That is not how anyone would describe me or how I would describe myself and to some degree that makes me sad. I read blogs by some mothers who paint a vastly different picture of motherhood. Their posts never indicate that they have a hard day, are bored by the daily monotony of lather, rinse, repeat, or are frustrated by their kids’ behavior, raise their voices or resort to threats to take away this or that to get their child to behave. Shes warmly and compassionately embraces her crying child when he’s hysterical over a paper cut (and posts the picture to prove it), makes home cooked meals for the family most of the time (and posts the recipes and picture of the finished product), makes baby food from scratch (and grows some of the ingredients in the back yard), is always the first to offer to have a play date and it is elaborate with place cards and homemade favors and costumes and coordinating organic snacks, and shes somehow manages to create the perception that her house is in order (or quips that she doesn’t care than it’s not because she is busy creating the childhood of her children’s dreams). She is a gentle mother.
She is with her children. She is the proud stay at home mom who puts being with her children ahead of the myriad chores that keep her home running because she tends to those when her children are napping or go to bed for the night. She enjoys being with them, throwing glitter into the air, going on a walk just to look for butterflies, pulling out every pot and pan in the drawer and banging on them just because it is fun, finger painting without a care for where the paint ends up.
She makes lunches the night before and lays out her children’s clothes just so she can have more time with them in the morning before school. She does what they want to do just because they want to do it and children should be children, after all. She pulls together her own cute outfits and manages a shower, a hair style, and make-up. She plans events and activities, just because. Her Pinterest board runneth over so that you, too, can plan the prefect tea party or Star Wars play date.
She is compassionate toward her working outside the home husband, feeling she has it abundantly better because she gets to be with their children while he must be away. And, because of that, she quite happily picks up all the slack at home, you know, when the kids are at school or the baby is asleep. Sure, she gets tired or maybe overwhelmed, but she checks it because neither is as important to her as the well being of her children.
She is, of course, a figment. I do believe that there are mothers who have the innate desire and ability to just.be.with.their.children. Where everything is an adventure, something to be gained or learned, if only the wonder of it all. The mother who prioritizes her children and family ahead of herself and ahead of the tasks of running a household and holds no resentment. Perhaps, even, her husband shoulders some of that responsibility even though he is tired from his long day at work, because he is so appreciative of how she is busy raising and caring for their children all day.
I am not her but I aspire to be my best mom self. It is going to require some rewiring of my hard wiring. I am a loving and affectionate mother even though I wasn’t raised by one, yet so much about how I was raised affects the mother that I am. I am tough but fair, use inflection to get my point across, am affectionate when feelings are hurt or scrapes, bumps, wounds are significant but can practically ignore sobs when tears are over the tiniest nick or Lego that won’t come apart, say no sometimes more than I say yes, rush my son when he is doddling, admonish him loudly for leaving his Legos strewn across his bedroom floor, threaten to take toys or privileges away when he is defiant or mean or talks back, send him to his room when he’s used up his chances to adjust his attitude.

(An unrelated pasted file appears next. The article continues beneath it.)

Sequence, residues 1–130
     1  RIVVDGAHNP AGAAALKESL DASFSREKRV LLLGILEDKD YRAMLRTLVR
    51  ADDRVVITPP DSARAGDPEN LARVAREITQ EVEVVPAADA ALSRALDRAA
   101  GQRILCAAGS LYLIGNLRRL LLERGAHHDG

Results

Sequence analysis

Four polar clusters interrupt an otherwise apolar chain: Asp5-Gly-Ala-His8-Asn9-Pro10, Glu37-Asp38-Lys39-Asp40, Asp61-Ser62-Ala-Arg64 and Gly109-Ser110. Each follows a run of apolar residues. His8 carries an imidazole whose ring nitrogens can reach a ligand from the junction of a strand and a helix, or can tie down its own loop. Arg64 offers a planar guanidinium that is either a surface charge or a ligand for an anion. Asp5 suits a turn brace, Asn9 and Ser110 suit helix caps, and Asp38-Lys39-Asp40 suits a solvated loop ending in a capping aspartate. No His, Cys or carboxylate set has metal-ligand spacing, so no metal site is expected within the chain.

And, now that I know many mothers, I know that the one who is dressed in this season’s must have boots with the ‘it’ bag and always has full makeup and hairstyle by morning drop-off is going through a divorce because her husband cheated on her with a Brazilian stripper, and that the one who volunteers to chair every committee does so so that she can be away from her emotionally distant husband, and the one who is always early to everything is the CEO of a corporation and feels guilty that the board room calls more often than the lunch room, and the one who seems flighty and disconnected just lost her own mom to suicide, and the one who seems aloof and distant doesn’t want anyone to know that she was diagnosed with stage II breast cancer and elected to have a double mastectomy and is awaiting reconstruction.
And that’s just it, isn’t it? We all have our lives, with its baggage and complexities and blemishes and, yes, in some cases, secrets. And, we all have this big job of parenting our children in the best ways we know how and guiding them to become their best selves. If we could learn to embrace ourselves, know that we are enough, know that our choices may be different from another mother’s choices and that only makes us different and not better then we could lift each other up, make the days easier on each other, find time to notice and champion each other and in the process feel a lot less mompetition and a lot more compassion. And, couldn’t we all benefit from that?
And, so, I’ll start. I am trying to be the best mother I know how to be. And, I know that you are, too.